A single piece of legislation, if passed, could save as many as 500 lives a year in Massachusetts, according to a UMass Memorial Medical Center doctor, reports the Telegram & Gazette in a story published on Tuesday.
The Worcester-based newspaper interviewed Dr. Joseph Sabato, an emergency medicine physician and American Heart Association volunteer, who argued that the state Legislature should pass a bill that would require all 911 operators to be trained in CPR.
From the story written by reporter Kim Ring:
…in Massachusetts, sometimes a 911 caller can wait as long as six minutes before an emergency dispatcher starts instructing them on how to perform [CPR], Sabato said.
“It’s too late,” he said.
The U.S. city with the best survival rate for heart attacks is Seattle, where 60% of those who experience a cardiac arrest survive. In Massachusetts, the number of survivors is much, much lower.
“It’s 3 ½%,” Sabato said. “That is horrible. The national average is 10%.”
If you call 911 in Massachusetts because someone is in cardiac arrest, there’s a good chance the first person you talk to will not able to give you CPR instructions over the phone.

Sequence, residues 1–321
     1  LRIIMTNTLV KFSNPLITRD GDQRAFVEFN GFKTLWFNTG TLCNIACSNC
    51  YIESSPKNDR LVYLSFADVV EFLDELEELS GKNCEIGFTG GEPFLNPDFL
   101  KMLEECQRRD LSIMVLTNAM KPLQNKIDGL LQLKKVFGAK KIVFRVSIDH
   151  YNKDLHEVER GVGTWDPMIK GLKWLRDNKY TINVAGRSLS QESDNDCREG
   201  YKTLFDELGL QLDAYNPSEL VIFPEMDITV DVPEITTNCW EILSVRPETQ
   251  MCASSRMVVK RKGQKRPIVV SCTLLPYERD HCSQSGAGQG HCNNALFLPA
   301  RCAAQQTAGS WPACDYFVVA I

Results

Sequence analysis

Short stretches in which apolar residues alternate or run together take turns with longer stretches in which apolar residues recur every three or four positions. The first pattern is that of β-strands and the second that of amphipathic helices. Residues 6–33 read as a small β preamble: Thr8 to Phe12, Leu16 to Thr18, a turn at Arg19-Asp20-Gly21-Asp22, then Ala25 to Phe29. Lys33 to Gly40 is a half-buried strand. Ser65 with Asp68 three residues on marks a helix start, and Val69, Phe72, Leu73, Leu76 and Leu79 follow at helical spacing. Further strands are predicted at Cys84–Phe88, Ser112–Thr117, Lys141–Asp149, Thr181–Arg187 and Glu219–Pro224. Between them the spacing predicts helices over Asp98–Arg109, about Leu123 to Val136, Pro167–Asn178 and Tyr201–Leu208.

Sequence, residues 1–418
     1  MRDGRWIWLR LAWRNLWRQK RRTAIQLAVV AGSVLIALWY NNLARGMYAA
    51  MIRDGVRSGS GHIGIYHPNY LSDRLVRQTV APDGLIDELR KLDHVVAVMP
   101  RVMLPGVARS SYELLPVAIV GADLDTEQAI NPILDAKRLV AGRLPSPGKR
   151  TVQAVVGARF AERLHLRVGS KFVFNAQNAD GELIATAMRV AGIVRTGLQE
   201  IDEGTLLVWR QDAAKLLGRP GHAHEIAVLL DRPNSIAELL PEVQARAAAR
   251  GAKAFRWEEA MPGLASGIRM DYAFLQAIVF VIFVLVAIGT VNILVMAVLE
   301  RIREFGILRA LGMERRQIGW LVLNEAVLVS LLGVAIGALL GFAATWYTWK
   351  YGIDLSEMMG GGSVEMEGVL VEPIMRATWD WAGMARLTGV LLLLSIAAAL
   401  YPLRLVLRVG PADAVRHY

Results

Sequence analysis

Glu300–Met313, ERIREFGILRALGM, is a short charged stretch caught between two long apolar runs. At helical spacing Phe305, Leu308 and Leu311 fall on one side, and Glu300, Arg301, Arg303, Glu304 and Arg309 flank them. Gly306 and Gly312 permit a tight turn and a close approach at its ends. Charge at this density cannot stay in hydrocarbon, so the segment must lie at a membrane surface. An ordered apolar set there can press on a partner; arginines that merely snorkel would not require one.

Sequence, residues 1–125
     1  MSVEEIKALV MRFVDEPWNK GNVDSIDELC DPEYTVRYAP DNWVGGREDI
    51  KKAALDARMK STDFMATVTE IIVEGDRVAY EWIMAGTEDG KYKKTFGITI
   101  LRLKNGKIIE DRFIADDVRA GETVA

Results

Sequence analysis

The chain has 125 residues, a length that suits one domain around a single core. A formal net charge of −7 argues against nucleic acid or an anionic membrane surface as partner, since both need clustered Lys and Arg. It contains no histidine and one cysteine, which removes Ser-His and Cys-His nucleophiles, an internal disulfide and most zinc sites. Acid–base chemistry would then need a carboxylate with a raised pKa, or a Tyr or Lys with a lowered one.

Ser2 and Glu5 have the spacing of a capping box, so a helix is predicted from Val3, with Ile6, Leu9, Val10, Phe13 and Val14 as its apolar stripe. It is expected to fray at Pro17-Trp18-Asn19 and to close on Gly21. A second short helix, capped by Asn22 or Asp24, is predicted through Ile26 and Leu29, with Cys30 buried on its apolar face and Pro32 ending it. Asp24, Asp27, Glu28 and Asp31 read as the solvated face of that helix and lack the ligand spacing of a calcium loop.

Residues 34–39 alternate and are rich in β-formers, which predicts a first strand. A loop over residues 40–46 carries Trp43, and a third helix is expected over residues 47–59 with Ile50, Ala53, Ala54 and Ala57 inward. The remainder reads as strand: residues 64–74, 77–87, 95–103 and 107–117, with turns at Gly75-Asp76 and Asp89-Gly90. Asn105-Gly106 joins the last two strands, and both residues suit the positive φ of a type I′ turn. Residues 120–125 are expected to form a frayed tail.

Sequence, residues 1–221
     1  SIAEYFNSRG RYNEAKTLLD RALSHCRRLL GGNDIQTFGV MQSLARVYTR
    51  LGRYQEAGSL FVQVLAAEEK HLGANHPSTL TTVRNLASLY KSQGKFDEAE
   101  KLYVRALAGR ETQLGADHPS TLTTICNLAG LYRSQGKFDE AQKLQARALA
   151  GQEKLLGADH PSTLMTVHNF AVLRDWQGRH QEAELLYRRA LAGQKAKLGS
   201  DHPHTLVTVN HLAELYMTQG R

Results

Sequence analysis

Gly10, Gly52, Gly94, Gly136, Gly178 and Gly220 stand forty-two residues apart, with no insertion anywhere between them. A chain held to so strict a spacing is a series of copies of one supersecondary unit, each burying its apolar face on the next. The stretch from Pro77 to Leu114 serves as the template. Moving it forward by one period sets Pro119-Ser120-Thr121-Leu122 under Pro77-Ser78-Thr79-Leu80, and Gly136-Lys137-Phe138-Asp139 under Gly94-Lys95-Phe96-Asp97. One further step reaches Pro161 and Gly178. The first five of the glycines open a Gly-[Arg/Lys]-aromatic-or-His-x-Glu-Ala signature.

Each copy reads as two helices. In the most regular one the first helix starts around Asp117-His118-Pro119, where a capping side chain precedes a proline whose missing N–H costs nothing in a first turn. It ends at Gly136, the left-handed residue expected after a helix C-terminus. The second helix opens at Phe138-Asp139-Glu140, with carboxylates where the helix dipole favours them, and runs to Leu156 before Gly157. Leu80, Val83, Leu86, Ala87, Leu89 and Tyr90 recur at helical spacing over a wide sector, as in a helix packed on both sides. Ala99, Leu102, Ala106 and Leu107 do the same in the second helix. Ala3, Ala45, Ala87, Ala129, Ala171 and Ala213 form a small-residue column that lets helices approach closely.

Here’s why: In some Massachusetts communities, when you call 911, you’ll reach the Massachusetts State Police. They’re not trained in delivering CPR instructions over the phone. To make matters worse, your call could then be transferred to your local police/fire dispatcher, who are also not trained in telephone CPR.
It’s not until your call is transferred a second time – to an emergency medical dispatcher – that the you will receive CPR instructions.
Unde the proposed legislation, a 911 dispatcher would ask if the victim is conscious and if they are breathing. If the answer to both question is “no” CPR instructions would be given over the phone immediately.
The bill was filed by Michael D. Moore, a Democrat from Millbury. Sabato is working with the American Heart Association to champion the legislation.
“The dispatchers can save so many lives,” he said.